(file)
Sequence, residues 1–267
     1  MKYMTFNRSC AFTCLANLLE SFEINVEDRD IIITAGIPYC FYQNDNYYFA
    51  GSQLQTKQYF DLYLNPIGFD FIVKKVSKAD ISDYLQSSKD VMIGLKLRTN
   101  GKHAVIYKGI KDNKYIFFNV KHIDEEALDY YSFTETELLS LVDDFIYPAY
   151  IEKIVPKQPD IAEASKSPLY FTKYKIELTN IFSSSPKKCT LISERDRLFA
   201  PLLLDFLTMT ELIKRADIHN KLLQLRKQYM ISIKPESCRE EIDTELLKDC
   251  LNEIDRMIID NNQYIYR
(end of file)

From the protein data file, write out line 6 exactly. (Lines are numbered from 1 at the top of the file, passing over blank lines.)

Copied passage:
   201  PLLLDFLTMT ELIKRADIHN KLLQLRKQYM ISIKPESCRE EIDTELLKDC